Suez crisis could hit UK supplies, says Mersey Maritime CEO

A huge container ship has run aground at one end of the Suez Canal and the knock-on effect for global trade could reach the UK, the CEO of Mersey Maritime says. Tony McDonough reports

Chris Shirling-Rooke
Chris Shirling-Rooke, chief executive of Mersey Maritime

 

A giant container ship currently marooned in the Suez Canal could hit supplies of consumer goods and essential parts to the UK, a Merseyside maritime industry leader is warning.

And Chris Shirling-Rooke, chief executive of industry body Mersey Maritime, says the incident involving Ever Given, a huge vessel capable of carrying 20,000 containers, illustrates how critical the maritime sector is to our everyday lives.

Ever Given has run aground at the southern end of the Suez Canal, which separates Africa from the Middle East and Asia. Around 12% of global trade moves through the waterway and experts at Lloyds List estimate the huge tailback of ships waiting to pass through is holding up $(US)9.6bn of goods every day, that is $(US)400m an hour.

According to Lloyd’s List tracking data there are more than 160 vessels waiting at either end of the canal. These include 41 bulk carriers and 24 crude tankers. Along with oil, the sea traffic is largely consumer products such as clothing, furniture, manufacturing components and car parts.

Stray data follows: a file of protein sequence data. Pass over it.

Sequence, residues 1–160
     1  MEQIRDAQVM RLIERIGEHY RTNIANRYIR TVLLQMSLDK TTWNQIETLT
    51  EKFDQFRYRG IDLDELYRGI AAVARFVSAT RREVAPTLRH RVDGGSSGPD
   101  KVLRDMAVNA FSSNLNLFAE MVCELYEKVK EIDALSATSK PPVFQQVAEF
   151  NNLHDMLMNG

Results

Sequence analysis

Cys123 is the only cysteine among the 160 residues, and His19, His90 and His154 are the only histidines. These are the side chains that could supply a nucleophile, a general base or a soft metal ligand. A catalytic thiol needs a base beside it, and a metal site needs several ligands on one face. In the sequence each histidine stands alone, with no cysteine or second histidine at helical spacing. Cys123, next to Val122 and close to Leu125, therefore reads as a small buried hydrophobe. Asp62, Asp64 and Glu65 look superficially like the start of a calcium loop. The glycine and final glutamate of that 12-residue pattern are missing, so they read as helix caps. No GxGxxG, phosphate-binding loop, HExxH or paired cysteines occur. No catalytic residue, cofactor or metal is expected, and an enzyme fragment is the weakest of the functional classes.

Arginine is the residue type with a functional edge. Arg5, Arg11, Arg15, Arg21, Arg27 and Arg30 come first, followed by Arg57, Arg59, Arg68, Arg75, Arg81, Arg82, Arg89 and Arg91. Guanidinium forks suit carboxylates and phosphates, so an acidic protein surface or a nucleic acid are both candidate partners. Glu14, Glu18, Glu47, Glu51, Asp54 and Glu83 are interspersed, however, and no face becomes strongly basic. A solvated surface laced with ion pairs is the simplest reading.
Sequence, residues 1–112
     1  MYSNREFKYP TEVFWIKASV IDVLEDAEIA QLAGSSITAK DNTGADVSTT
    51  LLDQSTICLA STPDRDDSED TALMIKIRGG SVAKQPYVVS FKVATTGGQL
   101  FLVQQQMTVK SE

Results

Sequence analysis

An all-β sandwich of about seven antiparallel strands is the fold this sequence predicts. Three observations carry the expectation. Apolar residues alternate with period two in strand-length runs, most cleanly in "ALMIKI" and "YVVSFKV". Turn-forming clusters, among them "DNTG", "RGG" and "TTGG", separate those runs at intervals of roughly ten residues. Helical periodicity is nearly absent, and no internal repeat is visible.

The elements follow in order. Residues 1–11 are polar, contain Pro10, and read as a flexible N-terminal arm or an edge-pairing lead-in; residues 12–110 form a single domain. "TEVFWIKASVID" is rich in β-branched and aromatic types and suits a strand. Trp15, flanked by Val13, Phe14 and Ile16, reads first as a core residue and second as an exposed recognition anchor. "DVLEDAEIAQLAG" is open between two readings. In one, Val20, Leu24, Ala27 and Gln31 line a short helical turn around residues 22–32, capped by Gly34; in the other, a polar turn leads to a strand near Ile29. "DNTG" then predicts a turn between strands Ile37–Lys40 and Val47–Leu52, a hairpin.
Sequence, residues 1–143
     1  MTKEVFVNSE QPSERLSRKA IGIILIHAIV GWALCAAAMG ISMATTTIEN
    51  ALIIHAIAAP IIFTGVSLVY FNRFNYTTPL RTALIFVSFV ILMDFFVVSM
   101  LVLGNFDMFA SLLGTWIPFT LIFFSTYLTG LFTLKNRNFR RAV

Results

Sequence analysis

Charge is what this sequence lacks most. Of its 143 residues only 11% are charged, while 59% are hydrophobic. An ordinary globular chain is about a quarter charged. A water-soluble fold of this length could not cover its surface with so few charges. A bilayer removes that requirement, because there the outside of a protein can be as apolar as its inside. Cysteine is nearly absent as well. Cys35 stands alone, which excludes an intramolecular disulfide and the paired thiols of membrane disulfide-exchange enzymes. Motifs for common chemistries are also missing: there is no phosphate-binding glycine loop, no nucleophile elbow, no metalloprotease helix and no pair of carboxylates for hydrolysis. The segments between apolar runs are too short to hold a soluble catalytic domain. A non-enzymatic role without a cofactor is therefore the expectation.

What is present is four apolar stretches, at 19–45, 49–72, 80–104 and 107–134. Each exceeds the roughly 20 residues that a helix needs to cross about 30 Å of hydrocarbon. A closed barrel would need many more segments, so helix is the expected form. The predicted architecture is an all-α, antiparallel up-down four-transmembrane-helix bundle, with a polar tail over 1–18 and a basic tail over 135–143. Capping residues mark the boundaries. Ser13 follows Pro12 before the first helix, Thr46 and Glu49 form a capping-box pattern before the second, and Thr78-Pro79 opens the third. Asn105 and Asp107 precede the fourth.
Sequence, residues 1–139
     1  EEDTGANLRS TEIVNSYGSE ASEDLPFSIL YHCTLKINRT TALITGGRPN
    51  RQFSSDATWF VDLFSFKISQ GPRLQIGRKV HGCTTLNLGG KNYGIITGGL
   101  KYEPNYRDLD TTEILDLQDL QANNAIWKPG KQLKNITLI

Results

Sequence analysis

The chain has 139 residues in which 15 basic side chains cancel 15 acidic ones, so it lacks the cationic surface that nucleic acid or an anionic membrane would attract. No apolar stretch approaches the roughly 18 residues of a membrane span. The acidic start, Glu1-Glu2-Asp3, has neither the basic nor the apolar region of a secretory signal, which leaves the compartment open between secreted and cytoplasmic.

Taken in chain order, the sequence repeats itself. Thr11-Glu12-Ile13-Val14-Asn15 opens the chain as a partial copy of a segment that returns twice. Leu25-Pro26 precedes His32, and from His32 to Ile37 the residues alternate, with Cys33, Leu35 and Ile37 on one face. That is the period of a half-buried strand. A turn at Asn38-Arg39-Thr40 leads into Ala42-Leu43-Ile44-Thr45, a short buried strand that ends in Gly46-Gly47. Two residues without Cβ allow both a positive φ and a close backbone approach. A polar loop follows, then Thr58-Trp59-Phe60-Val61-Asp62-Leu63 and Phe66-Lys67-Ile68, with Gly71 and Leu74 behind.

There is an international round-the-clock effort to free the 200,000-tonne vessel but it is feared the operation could take weeks. There are now reports of shipping companies starting to divert their ships around the southern tip of Africa, the Cape of Good Hope, which adds about 3,500 miles to the journey and up to 12 days.

Mr Shirling-Rooke, who represents Liverpool city region’s powerhouse £4bn maritime sector, warns the knock-on effect could be significant. He said: “This serious incident illustrates how critical the maritime sector is to our lives.

ships, container vessels, maritime, trade, containers, shipping
ships, container vessels, maritime, trade, containers, shipping. Picture by Tony McDonough

 

“We are an island nation and 95% of the essential food, fuel, medicines, consumer goods and essential parts for manufacturers such as carmakers arrives through ports such as Liverpool. We are a hugely important part of the global trade network.

“The situation in the Suez clearly demonstrates that just because something is happening thousands of miles away, don’t think for a moment it won’t have an impact on our lives. The price of petrol for your car, your food in the supermarket or the new iPhone you’ve  just ordered are all dependent on maritime.”

Maritime remains one of Liverpool city region’s most important industrial sectors, employing tens of thousands of people across more than 30 sub-sectors, from shipping, to digital, to financial services and maritime insurance. It is also at the forefront of technological innovation.

Mersey Maritime is leading the £23m Maritime Knowledge Hub project which will provide a national base for marine engineering research and development as well as skills training and business accelerator space in Wirral Waters. It will create 4,000 jobs in its first five years.

Mr Shirling-Rooke added: “Maritime isn’t as visible as other major sectors such as retail and tourism. It is why people don’t always realise how important a role it plays in our everyday lives. It is something we take for granted – until it suddenly stops working.”

Ends

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